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Moment 77: The Emperor’s New Collections

Long before he became a pop culture phenomenon, Marc Jacobs’ most notorious moment came from his watershed grunge collection for Perry Ellis.

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Marc Jacobs, fall 2005

Photo By Steve Eichner

Appeared In
Special Issue
WWD 100 issue 11/01/2010

Long before his crossover to pop culture phenomenon and tabloid/Internet sensation, Marc Jacobs was fashion’s most brilliant and influential underdog, who, along with his partner, Robert Duffy, went in and out of business several times before he turned 25. The most notorious moment of those early struggles came after his watershed, CFDA Award-winning grunge collection for Perry Ellis. The look was about doing everything wrong, he told WWD, which in turn wrote that Jacobs “made most of it look very right.” Ellis brass agreed (too literally) with him, and he and Duffy were fired.

 

The next new start, for fall 1994, would be his last; Jacobs has been on an upward, if sometimes volatile, trajectory ever since. Critical acclaim translated to commercial clout in 1997, when Bernard Arnault signed him to create ready-to-wear for Louis Vuitton. There, he has developed a look of witty glamour while engaging in masterful collaborations with, among other artists, Stephen Sprouse, Richard Prince and, in 2003, Takashi Murakami, whose accessories series became an international sensation.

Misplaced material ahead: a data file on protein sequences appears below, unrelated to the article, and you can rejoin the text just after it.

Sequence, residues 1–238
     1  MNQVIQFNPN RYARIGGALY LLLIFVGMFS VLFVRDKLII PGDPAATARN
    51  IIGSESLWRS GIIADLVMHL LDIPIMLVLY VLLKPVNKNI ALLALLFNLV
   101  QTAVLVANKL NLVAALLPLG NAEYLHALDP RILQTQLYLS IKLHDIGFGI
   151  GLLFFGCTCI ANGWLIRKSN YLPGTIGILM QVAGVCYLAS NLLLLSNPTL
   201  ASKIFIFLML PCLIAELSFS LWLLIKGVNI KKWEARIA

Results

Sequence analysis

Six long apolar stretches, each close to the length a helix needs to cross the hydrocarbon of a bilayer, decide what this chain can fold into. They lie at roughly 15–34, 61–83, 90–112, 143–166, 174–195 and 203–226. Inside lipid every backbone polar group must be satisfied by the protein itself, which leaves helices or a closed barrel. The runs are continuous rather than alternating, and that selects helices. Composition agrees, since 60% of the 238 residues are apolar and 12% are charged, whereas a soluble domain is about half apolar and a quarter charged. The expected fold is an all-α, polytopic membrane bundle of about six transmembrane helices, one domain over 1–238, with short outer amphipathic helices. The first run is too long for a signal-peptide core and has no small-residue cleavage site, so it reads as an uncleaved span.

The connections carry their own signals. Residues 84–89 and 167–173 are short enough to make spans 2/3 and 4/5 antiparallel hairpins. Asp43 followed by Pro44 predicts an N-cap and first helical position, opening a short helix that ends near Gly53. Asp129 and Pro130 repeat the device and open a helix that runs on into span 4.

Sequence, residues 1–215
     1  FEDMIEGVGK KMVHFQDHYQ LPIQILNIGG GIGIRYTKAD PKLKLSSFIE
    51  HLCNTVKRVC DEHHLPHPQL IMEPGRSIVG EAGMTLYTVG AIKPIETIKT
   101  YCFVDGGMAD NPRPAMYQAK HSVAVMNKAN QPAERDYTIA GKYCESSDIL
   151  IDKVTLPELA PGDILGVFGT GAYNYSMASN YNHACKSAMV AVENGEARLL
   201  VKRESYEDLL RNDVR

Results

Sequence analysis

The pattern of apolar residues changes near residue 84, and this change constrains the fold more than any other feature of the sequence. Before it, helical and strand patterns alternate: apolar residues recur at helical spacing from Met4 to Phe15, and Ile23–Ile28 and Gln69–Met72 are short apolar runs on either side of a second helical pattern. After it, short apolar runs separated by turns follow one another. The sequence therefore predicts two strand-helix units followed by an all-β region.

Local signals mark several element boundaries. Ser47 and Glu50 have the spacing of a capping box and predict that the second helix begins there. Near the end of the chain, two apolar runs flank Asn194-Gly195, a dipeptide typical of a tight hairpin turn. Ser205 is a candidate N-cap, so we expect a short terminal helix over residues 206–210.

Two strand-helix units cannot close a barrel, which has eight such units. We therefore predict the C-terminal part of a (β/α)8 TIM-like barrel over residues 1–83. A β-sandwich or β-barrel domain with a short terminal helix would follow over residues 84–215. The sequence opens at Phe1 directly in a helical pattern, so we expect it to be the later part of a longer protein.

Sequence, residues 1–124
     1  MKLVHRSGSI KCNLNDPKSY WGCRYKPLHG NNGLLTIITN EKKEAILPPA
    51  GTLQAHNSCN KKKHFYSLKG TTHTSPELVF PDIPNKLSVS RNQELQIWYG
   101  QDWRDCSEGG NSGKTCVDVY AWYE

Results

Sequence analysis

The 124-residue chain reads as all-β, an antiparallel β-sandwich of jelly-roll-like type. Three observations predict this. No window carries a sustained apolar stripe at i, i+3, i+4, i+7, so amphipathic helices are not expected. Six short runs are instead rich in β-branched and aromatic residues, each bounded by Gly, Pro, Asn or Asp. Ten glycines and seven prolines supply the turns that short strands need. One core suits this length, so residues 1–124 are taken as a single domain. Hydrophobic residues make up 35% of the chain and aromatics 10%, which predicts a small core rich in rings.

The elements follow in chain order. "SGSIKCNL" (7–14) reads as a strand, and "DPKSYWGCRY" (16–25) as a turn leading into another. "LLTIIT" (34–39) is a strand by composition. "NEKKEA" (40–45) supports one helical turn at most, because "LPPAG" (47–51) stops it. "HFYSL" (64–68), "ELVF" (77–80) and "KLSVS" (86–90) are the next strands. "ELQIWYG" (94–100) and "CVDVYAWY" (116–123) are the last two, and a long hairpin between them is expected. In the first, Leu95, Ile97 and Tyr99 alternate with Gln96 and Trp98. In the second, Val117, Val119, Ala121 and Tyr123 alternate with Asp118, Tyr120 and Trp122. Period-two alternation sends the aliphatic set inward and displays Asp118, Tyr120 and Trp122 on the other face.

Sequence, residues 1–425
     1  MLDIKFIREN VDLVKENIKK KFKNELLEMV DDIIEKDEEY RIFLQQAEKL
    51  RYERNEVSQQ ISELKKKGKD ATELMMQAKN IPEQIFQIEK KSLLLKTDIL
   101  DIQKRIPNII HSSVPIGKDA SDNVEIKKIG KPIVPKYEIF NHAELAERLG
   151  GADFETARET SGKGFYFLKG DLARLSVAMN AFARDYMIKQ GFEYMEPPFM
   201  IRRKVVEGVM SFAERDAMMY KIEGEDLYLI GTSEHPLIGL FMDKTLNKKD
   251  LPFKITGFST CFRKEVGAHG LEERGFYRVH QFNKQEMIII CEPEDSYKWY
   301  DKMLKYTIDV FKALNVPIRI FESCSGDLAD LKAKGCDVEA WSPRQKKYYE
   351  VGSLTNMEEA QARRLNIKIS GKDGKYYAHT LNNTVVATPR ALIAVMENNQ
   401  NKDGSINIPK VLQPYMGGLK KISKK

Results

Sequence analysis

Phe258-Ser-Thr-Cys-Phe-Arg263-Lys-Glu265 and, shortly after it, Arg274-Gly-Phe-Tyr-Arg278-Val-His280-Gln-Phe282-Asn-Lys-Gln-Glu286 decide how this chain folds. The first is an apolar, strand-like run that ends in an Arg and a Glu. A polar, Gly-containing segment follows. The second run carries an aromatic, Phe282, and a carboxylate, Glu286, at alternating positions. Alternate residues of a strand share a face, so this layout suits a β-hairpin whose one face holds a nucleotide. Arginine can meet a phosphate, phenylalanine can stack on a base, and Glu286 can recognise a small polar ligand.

For his New York collection Jacobs has continued to refine an aesthetic that, for all its inherent cool, is at its heart pretty, optimistic and ultraluxe. In recent years, he has shown some of his most remarkable collections, including the controversial “Violet Incredible” effort for fall 2005, which WWD called “his gutsiest since grunge, made more so [because] a designer at fashion’s pinnacle has so much more to lose than a renegade kid.” He called his spring 2008 show, a rare sex-themed outing rich with surrealist imagery, “the Emperor’s New Clothes—which is what fashion is.”

 

Thus, Jacobs takes a laissez-faire approach to client interpretations of his work. “The only thing that looks wrong on anybody is insecurity,” he told WWD’s CEO Summit in 2009. “I probably shouldn’t be sitting here in a kilt, but I don’t care. I’ve got good calves and I’m happy. I’m happy when I see people wearing something we’ve made. I don’t care if they wear it inside out, backward, cut in half or busting out the side seams. God bless you if you’re happy.”

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